I have a great relationship with my dad. He is someone I look up to, respect, and have a deep appreciation for. We can sit and have small talk over our favorite sports teams, or discuss life and have a good cry (I definitely get my crying gene from him).

But it wasn't always this way—we had to work really hard to get here.

I grew up in a split household which wasn't easy. While so many of my other friends spent their weekends enjoying family time with their mom and dad, I had just one or the other. And even though I had a decently happy childhood, I couldn’t help but be envious of those friends.


I was three when my parents divorced so my memory of them together is pretty hazy. For the first 10 years of my life, I didn't have parents to role model a healthy relationship or learn how couples interacted.

But then both of my parents re-married. I remember when my dad made the announcement. While I wanted him to be happy, I secretly shuddered at the idea of having to share his attention. I was already learning to adjust to having a new step-dad, and now this.

At the time I didn't love trying to navigate my relationship with both my dad and my step-dad. I held some resentment, feelings of jealousy over time lost with each of my parents, and deep hurt around having to deal with being in a “divorced family.”

What I didn't realize is that although it wasn’t an ideal situation, both of these men were shaping my understanding of the type of marriage it was possible to have.

I watched as my step-dad constantly attended to my mother’s needs. Loving her selflessly and always supporting her despite her faults.

I learned that with each school event he attended, homework assignment he helped with, and sports practice he took me to, that the word “step” meant nothing to him—I was his daughter and he would love me as nothing less.

I also learned true humility and sacrifice—as my dad stepped back and allowed this new man into our lives to take on some of the roles and responsibilities he wasn’t able to. He taught me the importance of being loved and made sure I always knew how deep his love ran for his family.

When I yelled at him for missing some of the important events in my life, he sat back and took it, without a defensive posture that would have been so easy for him to adopt. And when my step-dad passed away, he was there, patiently allowing me to grieve with him and humbly acknowledging the hurt I was dealing with.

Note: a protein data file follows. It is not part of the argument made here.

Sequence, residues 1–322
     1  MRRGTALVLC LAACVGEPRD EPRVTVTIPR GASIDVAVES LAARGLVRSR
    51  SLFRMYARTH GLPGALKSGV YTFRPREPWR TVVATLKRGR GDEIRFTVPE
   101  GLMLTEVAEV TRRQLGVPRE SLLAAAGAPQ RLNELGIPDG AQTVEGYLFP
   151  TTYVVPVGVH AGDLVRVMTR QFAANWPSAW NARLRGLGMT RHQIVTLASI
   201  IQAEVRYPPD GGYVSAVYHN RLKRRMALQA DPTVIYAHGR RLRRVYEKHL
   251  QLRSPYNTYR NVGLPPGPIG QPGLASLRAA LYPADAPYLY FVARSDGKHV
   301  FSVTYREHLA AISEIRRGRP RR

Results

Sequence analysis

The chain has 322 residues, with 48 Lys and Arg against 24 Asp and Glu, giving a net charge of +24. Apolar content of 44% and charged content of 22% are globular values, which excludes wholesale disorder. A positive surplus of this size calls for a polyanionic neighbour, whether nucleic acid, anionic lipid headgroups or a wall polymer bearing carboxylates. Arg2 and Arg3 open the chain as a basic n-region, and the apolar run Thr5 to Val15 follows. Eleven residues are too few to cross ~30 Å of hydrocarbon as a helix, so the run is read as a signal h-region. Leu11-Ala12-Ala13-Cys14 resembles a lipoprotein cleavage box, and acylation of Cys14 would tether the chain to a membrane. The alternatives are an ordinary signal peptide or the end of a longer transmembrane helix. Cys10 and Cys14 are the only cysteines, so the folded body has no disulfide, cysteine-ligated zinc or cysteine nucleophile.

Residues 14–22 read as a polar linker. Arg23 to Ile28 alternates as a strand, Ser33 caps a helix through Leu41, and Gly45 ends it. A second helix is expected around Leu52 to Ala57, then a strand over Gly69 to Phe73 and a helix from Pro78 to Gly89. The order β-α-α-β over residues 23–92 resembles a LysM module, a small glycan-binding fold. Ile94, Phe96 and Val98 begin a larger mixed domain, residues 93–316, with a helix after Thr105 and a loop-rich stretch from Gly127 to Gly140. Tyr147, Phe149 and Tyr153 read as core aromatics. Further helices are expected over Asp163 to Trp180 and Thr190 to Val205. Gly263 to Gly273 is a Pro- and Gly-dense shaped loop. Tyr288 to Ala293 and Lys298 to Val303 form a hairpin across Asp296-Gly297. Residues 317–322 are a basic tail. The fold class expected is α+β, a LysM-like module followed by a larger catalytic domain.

Growing up with the love and guidance of both of these men helped me understand what I wanted in a husband and how to appreciate the rare qualities that both of them possessed.

When I met my husband I realized that without the foundation I was given, it likely would have been difficult for me to identify and seek out the traits I knew I wanted and needed in a man.

Without the unconditional love I was blessed with growing up, I’m not sure I would know how to receive and appreciate the love and affection my husband showers me with daily.

As I watch my husband help raise my son like his own, I see that same type of sacrifice and love he has for us—I am reminded how blessed I am.

I remember clearly the moments I told myself, “That is how I want to be treated” as I watched the examples in my life, and prayed that I would someday have the same type of marriage.

To my husband—thank you for being the caring, loving man that you are. I never thought it was possible to find someone like you—but you continue to surprise me everyday!

To my dad(s)—thank you for teaching me what it means to be loved, even when it wasn’t easy and you didn’t have to. Thank you for setting the example of what a genuine father and husband is, and helping me to settle for nothing less. I appreciate and love our relationship more than you know.

Back when my husband and I were creating our wedding registry, it was a fun, low-pressure opportunity to select some new dishes and linens. After all, I knew a thing or two about stocking my home and making the "wrong decision" with thread count was the only thing that posed any risk to my sleep at night.

Fast-forward a few years to when I created a baby registry before the birth of my first child—and I found the experience to have a much steeper learning curve. Unlike those sheets, it felt like a bad swaddle or bassinet selection would be catastrophic. Unsure of what to expect from motherhood or my baby, I leaned heavily on advice from friends who already ventured into parenthood. (Starting with their reminders to take deep breaths!)